The Supreme Court issued its first opinion of the October 2017 sitting, Hamer v. Neighborhood Housing Services of Chicago, No. 16-658, 2017 WL 5160782 (Nov. 8, 2017), early last month. We previously previewed this case when the Supreme Court first granted a writ of certiorari. As expected, the Supreme Court clarified an important issue regarding time limits for filing notices of appeal in civil cases. Specifically, the Supreme Court held that district courts are allowed to extend the time for filing a notice of appeal beyond the thirty-day limit prescribed in the Federal Rules of Appellate Procedure because the deadline is only set by court rule, not statute, and thus is not jurisdictional.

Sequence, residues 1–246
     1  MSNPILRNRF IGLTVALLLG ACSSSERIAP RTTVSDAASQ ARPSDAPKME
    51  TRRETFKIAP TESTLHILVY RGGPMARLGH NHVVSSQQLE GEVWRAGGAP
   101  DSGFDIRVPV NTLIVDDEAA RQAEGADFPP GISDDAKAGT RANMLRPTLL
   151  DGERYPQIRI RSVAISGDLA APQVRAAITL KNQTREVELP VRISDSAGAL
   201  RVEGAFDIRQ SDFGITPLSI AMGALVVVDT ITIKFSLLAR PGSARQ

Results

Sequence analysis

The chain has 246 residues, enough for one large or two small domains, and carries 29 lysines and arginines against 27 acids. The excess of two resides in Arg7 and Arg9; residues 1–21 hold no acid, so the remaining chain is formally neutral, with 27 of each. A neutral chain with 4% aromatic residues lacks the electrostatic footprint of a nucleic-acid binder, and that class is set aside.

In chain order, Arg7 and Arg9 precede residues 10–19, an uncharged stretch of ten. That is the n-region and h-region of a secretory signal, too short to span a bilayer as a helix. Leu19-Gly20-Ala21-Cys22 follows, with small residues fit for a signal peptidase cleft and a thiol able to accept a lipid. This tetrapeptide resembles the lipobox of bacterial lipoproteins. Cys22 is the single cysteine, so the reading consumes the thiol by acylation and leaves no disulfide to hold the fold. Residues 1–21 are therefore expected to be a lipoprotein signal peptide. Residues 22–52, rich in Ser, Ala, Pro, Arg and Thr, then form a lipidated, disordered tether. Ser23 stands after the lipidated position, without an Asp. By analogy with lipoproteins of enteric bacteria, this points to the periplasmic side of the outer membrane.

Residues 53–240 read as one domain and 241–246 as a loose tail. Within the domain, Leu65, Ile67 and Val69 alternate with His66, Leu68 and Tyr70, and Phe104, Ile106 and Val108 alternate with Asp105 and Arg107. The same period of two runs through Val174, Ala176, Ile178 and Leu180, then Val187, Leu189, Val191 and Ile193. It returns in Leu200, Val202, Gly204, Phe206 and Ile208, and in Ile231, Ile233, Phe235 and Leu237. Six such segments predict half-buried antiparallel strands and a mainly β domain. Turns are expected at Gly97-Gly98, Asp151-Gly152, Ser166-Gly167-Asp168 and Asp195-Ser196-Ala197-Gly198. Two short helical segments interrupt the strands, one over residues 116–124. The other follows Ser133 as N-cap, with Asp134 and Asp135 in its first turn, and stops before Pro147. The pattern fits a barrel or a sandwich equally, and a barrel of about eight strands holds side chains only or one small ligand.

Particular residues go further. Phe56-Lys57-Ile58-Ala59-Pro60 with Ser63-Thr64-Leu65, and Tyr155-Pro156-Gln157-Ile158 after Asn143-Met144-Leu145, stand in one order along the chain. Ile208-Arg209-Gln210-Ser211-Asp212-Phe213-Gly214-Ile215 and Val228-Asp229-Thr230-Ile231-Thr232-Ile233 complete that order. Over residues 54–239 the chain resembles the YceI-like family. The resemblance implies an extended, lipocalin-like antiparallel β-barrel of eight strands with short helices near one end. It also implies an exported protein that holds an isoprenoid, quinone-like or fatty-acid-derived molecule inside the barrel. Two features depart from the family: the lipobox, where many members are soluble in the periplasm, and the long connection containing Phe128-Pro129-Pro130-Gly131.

The Supreme Court used Hamer to resolve a circuit split over whether Federal Rule of Appellate Procedure 4(a)(5)(C) is jurisdictional or whether it is a mandatory claim-processing rule. Jurisdictional time limits “deprive a court of adjudicatory authority over the case, necessitating dismissal—a ‘drastic’ result.” Hamer, slip op. at 2 (citing Henderson v. Shinseki, 562 U.S. 428, 435 (2011)). These time limits are “not subject to waiver or forfeiture and may be raised at any time in the court of first instance and on direct appeal.” Id. at 2-3 (footnote omitted) (citing Kontrick v. Ryan, 540 U.S. 443, 455 (2004)). Indeed, courts are independently obligated to consider jurisdictional timeliness rules, even when not raised by either party. Id. at 3 (citing Shinseki, 562 U.S. at 434). Mandatory claim-processing rules, by contrast, can be waived or forfeited if a party fails to object to an untimely filing. Id. However, “[i]f properly invoked, mandatory claim-processing rules must be enforced.” Id. (citing Manrique v. United States, 137 S. Ct. 1266, 1271-72 (2017)). Continue reading “District Courts Can Extend Time to File Notices of Appeal Beyond Time Allowed in the Federal Rules”